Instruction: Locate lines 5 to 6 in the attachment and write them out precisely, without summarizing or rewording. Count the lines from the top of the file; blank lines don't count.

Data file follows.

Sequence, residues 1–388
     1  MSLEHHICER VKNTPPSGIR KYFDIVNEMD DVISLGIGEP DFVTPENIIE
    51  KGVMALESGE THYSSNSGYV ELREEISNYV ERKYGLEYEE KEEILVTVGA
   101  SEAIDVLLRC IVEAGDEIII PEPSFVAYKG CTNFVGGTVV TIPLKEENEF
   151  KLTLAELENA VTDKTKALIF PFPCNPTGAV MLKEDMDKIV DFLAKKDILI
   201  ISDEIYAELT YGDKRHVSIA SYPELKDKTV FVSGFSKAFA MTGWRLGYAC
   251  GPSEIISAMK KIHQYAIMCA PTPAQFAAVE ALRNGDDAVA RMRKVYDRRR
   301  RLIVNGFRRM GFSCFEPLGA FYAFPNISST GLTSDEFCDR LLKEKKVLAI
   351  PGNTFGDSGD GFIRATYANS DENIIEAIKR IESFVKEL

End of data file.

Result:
   151  KLTLAELENA VTDKTKALIF PFPCNPTGAV MLKEDMDKIV DFLAKKDILI
   201  ISDEIYAELT YGDKRHVSIA SYPELKDKTV FVSGFSKAFA MTGWRLGYAC